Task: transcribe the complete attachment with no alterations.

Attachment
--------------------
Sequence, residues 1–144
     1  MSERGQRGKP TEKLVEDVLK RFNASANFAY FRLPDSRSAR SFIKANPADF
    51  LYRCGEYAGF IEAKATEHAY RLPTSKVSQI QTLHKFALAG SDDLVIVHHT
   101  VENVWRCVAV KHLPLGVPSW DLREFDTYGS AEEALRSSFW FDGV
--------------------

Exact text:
Sequence, residues 1–144
     1  MSERGQRGKP TEKLVEDVLK RFNASANFAY FRLPDSRSAR SFIKANPADF
    51  LYRCGEYAGF IEAKATEHAY RLPTSKVSQI QTLHKFALAG SDDLVIVHHT
   101  VENVWRCVAV KHLPLGVPSW DLREFDTYGS AEEALRSSFW FDGV